A Memoir of Forgiveness, Survival, and My Journey from Homeless to Harvard
By Liz Murray
(Hachette Books, Hardcover, 9780786868919, 304pp.)
Publication Date: September 1, 2025
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In the vein of The Glass Castle, Breaking Night is the stunning memoir of a young woman who at age fifteen was living on the streets, and who eventually made it into Harvard.
Liz Murray was born to loving but drug-addicted parents in the Bronx. In school she was taunted for her dirty clothing and lice-infested hair, eventually skipping so many classes that she was put into a girls' home. At age fifteen, Liz found herself on the streets when her family finally unraveled. She learned to scrape by, foraging for food and riding subways all night to have a warm place to sleep.
When Liz's mother died of AIDS, she decided to take control of her own destiny and go back to high school, often completing her assignments in the hallways and subway stations where she slept. Liz squeezed four years of high school into two, while homeless; won a New York Times scholarship; and made it into the Ivy League. Breaking Night is an unforgettable and beautifully written story of one young woman's indomitable spirit to survive and prevail, against all odds.
LIZ MURRAY was left homeless at age 15 after her mother's death from AIDS. She fended for herself on the streets, eventually returning to high school. She was accepted into Harvard, where she attended college classes for three years before taking time off to help her father, who died of AIDS. She returned to college, and is now taking graduate courses at Harvard. Liz gives speaking engagements around the country. A movie about her life, Homeless to Harvard, was made by Lifetime in 2003, and airs frequently.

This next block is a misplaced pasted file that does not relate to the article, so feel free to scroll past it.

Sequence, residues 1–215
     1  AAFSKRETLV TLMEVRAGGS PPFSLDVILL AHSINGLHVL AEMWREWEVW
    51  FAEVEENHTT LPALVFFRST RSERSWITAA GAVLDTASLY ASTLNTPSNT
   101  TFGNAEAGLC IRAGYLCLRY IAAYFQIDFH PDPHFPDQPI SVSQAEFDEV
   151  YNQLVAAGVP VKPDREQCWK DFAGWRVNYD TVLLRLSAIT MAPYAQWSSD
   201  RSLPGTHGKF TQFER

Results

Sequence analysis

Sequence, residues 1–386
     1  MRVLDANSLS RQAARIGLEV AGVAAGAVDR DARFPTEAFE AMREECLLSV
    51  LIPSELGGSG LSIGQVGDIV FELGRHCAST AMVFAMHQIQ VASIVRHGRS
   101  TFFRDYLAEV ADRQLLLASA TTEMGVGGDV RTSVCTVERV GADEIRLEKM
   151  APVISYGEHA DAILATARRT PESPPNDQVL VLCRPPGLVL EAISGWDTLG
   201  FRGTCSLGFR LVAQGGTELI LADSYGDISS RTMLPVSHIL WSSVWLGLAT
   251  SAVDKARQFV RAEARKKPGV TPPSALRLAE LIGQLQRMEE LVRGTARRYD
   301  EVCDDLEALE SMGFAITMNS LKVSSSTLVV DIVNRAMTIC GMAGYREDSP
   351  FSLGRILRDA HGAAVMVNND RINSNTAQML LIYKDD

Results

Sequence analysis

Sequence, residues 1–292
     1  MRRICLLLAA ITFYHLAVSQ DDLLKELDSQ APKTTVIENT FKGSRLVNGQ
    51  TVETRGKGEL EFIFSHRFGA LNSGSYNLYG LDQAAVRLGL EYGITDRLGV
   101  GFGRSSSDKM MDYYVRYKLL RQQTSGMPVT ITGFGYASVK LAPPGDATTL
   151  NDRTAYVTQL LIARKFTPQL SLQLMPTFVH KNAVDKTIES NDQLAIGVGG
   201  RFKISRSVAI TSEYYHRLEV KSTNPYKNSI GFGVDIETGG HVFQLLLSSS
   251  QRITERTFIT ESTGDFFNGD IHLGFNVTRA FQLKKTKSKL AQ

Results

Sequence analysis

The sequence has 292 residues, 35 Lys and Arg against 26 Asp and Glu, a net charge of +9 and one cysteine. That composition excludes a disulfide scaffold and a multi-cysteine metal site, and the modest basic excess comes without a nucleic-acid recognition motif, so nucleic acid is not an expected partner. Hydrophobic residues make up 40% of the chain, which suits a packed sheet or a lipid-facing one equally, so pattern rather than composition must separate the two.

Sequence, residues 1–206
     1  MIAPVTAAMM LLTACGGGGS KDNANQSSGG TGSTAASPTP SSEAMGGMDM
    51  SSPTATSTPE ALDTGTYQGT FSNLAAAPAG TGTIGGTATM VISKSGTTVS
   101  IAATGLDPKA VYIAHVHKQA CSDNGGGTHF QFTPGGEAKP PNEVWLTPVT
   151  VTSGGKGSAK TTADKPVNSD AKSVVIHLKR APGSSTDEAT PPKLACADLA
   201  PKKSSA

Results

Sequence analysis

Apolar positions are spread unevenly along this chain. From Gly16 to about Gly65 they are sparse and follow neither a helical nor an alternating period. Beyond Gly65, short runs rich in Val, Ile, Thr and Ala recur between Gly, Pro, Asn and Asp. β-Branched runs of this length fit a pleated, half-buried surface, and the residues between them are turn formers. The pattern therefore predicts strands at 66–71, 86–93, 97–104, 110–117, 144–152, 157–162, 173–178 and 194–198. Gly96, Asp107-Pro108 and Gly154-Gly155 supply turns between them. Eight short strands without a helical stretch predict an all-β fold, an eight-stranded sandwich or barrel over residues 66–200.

As a child, Liz Murray dealt with the typical stresses of growing up. But she also grappled with going days without food and living on the streets. Despite these obstacles, Murray finished school and went on to attend Harvard University. Murray talks about her memoir, Breaking Night. More at NPR.org
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- The book begins with Liz Murray comparing herself—physically and otherwise—to her mother. In what ways are they alike? What specific instances of difference can you find? What do you think it was that allowed Liz to actualize her dreams in a way her mother couldn’t?